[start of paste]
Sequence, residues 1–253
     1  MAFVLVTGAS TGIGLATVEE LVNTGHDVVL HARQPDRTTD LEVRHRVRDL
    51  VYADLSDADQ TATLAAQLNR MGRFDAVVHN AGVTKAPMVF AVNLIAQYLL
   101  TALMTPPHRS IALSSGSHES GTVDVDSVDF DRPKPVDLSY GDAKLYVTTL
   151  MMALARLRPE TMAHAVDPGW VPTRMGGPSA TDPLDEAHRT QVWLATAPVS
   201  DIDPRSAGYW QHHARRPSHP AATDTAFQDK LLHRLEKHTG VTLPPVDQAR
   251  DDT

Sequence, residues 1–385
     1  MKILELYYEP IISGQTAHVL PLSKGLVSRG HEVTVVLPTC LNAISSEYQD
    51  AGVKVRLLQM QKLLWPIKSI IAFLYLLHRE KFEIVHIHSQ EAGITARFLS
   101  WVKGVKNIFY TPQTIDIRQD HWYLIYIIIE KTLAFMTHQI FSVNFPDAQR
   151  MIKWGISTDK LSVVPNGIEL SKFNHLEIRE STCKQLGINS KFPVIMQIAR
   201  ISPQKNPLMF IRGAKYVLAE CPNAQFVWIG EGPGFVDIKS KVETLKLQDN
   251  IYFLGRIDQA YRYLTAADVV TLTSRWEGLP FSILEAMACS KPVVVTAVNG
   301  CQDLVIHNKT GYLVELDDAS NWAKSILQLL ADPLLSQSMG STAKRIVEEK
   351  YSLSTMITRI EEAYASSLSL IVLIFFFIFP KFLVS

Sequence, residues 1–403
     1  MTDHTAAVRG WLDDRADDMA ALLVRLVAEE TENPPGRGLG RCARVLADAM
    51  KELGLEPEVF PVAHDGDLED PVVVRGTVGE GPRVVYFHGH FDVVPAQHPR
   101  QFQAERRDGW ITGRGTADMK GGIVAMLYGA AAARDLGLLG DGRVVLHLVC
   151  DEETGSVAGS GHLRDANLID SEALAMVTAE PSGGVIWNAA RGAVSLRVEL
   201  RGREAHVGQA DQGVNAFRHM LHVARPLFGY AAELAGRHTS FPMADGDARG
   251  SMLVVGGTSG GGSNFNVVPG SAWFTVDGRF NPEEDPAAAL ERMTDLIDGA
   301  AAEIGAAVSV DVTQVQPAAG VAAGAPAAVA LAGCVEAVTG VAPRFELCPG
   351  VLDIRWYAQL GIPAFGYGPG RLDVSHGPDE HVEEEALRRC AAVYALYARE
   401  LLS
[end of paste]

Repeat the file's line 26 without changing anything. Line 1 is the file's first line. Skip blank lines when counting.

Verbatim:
   401  LLS